Wednesday, July 11, 2012

Daily Report 28th June S&P 500 Emini Futures - Indicators Technical Ana...

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Daily Report 28th June S&P 500 Emini Futures  - Indicators Technical Analysis
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Courtesy of Wikipedia From Wikipedia, the free encyclopedia
Technical analysis, also known as "charting," has been a part of financial practice for many decades, but this discipline has not received the same level of academic scrutiny and acceptance as more traditional approaches such as fundamental analysis. One of the main obstacles is the highly subjective nature of technical analysis—the presence of geometric shapes in historical price charts is often in the eyes of the beholder. In this paper, we propose a systematic and automatic approach to technical pattern recognition using nonparametric kernel regression, and apply this method to a large number of U.S. stocks from 1962 to 1996 to evaluate the effectiveness of technical analysis. By comparing the unconditional empirical distribution of daily stock returns to the conditional distribution—conditioned on specific technical indicators such as head-and-shoulders or double-bottoms—we find that over the 31-year sample period, several technical indicators do provide incremental information and may have some practical value.[48]
In that same paper Dr. Lo wrote that "several academic studies suggest that ... technical analysis may well be an effective means for extracting useful information from market prices."[49] Some techniques such as Drummond Geometry attempt to overcome the past data bias by projecting support and resistance levels from differing time frames into the near-term future and combining that with reversion to the mean techniques.[50]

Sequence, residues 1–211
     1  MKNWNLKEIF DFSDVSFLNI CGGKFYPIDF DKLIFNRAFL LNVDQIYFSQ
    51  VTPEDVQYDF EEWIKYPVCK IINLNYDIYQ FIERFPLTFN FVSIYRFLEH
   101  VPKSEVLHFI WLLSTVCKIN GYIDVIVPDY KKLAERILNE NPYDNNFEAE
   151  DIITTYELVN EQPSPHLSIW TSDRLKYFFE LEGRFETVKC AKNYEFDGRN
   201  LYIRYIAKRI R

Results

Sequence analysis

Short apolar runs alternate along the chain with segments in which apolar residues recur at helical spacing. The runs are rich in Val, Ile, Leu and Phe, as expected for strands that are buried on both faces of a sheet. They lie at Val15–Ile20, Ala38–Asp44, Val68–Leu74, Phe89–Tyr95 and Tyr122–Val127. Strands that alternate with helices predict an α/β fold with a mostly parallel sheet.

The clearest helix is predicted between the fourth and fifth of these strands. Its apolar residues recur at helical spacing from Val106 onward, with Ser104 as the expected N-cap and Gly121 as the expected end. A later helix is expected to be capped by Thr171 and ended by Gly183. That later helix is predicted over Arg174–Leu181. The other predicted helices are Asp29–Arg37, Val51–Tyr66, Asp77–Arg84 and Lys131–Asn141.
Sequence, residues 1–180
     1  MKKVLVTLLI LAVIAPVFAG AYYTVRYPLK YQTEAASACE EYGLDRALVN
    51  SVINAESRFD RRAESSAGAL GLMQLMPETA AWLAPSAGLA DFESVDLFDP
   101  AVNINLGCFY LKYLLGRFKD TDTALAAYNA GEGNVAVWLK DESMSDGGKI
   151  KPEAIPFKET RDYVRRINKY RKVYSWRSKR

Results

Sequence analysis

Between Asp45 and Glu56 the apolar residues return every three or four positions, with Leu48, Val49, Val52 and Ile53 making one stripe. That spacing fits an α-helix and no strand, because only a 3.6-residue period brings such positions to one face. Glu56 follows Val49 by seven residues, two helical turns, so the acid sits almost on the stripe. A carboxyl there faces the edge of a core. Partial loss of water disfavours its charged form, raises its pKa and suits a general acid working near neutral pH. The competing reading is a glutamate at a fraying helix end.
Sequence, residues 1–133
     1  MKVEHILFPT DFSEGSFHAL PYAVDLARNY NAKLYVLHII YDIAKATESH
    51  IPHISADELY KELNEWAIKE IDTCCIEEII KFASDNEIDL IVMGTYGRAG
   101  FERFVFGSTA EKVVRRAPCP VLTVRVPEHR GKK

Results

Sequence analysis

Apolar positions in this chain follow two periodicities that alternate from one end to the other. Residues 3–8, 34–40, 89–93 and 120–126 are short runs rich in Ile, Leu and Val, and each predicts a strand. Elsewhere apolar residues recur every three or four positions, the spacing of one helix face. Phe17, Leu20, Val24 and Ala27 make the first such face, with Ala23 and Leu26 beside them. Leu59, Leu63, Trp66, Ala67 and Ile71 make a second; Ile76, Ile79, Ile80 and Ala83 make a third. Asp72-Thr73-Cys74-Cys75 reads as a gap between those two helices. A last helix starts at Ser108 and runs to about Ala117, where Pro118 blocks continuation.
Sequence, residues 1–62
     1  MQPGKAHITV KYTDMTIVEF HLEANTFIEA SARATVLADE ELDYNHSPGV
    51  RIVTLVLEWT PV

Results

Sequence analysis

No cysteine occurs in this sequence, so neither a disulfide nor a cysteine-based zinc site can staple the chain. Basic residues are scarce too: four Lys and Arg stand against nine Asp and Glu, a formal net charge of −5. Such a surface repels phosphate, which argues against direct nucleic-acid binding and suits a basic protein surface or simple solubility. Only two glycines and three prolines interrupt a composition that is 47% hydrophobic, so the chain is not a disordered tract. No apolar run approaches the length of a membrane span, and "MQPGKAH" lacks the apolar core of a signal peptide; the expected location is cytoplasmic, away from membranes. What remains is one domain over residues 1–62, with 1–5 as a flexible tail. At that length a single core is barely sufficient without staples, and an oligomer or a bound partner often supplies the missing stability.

[edit] Efficient market hypothesis
The efficient-market hypothesis (EMH) contradicts the basic tenets of technical analysis by stating that past prices cannot be used to profitably predict future prices. Thus it holds that technical analysis cannot be effective. Economist Eugene Fama published the seminal paper on the EMH in the Journal of Finance in 1970, and said "In short, the evidence in support of the efficient markets model is extensive, and (somewhat uniquely in economics) contradictory evidence is sparse."[51]
Technicians say[who?] that EMH ignores the way markets work, in that many investors base their expectations on past earnings or track record, for example. Because future stock prices can be strongly influenced by investor expectations, technicians claim it only follows that past prices influence future prices.[52] They also point to research in the field of behavioral finance, specifically that people are not the rational participants EMH makes them out to be. Technicians have long said that irrational human behavior influences stock prices, and that this behavior leads to predictable outcomes.[53] Author David Aronson says that the theory of behavioral finance blends with the practice of technical analysis:
    By considering the impact of emotions, cognitive errors, irrational preferences, and the dynamics of group behavior, behavioral finance offers succinct explanations of excess market volatility as well as the excess returns earned by stale information strategies.... cognitive errors may also explain the existence of market inefficiencies that spawn the systematic price movements that allow objective TA [technical analysis] methods to work.[52]
EMH advocates reply that while individual market participants do not always act rationally (or have complete information), their aggregate decisions balance each other, resulting in a rational outcome (optimists who buy stock and bid the price higher are countered by pessimists who sell their stock, which keeps the price in equilibrium).[54] Likewise, complete information is reflected in the price because all market participants bring their own individual, but incomplete, knowledge together in the market.[54]
[edit] Random walk hypothesis